'Save Switzerland' and 'Save Denmark' Twitter Accounts Mock Plans to Take Refugee Valuables

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Parody Twitter accounts Save Switzerland, Save Denmark and Save Czech Republic are mocking the policies of European governments to seize cash and valuables from refugees to help fund their stay. Police organize the line of refugees at on the stairway leading up from the trains arriving from Denmark at the Hyllie train station outside Malmo, Sweden, November 19, 2015. Johan Nilsson/TT News Agency/Reuters

Three Twitter accounts sprung up last week to spread word about the tough times in Denmark, Switzerland and the Czech Republic that are forcing the governments of those countries to take cash and valuables from newly-arrived refugees to fund their stay.

Only part of that's a joke.

These European nations are, in fact confiscating what little valuables refugees bring with them. But the Twitter accounts—Save Switzerland, Save Denmark and Save Czech Republic—are parodies, created to highlight the absurdity of the whole thing, given how wealthy these three countries are, especially compared to the relative poverty of most of the refugees.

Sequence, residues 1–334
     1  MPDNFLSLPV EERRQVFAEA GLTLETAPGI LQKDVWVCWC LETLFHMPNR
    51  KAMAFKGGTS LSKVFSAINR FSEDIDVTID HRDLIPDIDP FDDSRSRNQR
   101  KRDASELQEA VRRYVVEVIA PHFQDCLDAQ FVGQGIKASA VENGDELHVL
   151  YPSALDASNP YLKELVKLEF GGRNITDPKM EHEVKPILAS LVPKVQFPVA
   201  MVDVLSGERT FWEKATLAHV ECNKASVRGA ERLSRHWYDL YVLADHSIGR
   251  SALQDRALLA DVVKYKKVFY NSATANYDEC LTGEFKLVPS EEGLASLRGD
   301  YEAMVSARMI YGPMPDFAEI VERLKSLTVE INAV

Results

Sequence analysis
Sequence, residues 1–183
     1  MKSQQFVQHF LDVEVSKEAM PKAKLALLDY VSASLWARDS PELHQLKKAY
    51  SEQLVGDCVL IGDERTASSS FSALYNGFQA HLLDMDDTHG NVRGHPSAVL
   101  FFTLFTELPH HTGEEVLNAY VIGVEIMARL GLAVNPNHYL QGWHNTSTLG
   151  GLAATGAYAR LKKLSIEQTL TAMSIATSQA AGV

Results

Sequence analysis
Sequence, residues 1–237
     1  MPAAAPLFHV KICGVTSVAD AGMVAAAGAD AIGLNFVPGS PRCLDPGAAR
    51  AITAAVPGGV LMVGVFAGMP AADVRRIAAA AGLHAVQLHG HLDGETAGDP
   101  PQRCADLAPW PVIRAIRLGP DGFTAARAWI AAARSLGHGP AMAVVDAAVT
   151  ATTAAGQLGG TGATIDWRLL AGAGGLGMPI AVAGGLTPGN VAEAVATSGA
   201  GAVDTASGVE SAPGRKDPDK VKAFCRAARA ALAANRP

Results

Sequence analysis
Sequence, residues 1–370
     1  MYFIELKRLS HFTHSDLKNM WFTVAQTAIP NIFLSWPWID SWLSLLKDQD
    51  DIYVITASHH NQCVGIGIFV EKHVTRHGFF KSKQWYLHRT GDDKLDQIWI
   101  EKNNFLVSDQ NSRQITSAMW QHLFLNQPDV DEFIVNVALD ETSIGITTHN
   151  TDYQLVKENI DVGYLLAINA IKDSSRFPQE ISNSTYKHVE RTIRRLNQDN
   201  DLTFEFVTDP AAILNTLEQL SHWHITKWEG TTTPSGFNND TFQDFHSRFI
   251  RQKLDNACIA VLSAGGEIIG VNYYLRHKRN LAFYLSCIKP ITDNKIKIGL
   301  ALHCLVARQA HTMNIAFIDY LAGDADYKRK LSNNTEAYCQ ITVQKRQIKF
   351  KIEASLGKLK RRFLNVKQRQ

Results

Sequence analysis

When contacted by Newsweek, the founders of Save Switzerland and Save Denmark responded in character. The accounts are run by different people; both first tweeted dire warnings of the non-existent "devastation" and "plight" in their countries on Friday. The accounts have several hundred followers, although the numbers are slowly growing.

"Everyone assumes that Denmark, like other Scandinavian countries, is rich. And generous. Only one of these has turned out to be correct," Save Denmark told Newsweek on Twitter. "Sweden has taken in nearly ten times as many refugees as we have. And haven't made a penny off any of them! Haha! Silly Sweden!"

.@AmaralPhilip I'd like to see them survive one night on the bleak, mean streets of Copenhagen. pic.twitter.com/cSTOt0iCyl

— Save Denmark (@SaveDenmark) January 18, 2016

"It should be obvious that Denmark has implemented the law to overcome the crushing poverty that comes with having the 17th highest GDP on earth," adds Save Denmark. "Sweden, at number 16, will never understand how it feels to struggle."

Last Tuesday, the Danish government agreed on proposals that said refugees who arrive with more than 10,000 Kroner ($1,450) in cash will have to use money above the 10,000 Kroner threshold to pay for their stay. Legally, officials in the country can search refugees upon arrival.The United Nations criticized the Danish plan, calling it "worrisome" and said it "could fuel fear, xenophobia and similar restrictions that would reduce—rather than expand—the asylum space globally and put refugees in need at life-threatening risks." But at least, unlike previous plans by the Danish government, they won't have to give up their wedding rings.

23 followers, that's more than 1/5th of granted asylums in 2015!

— Save Czech Republic (@SaveCzechia) January 18, 2016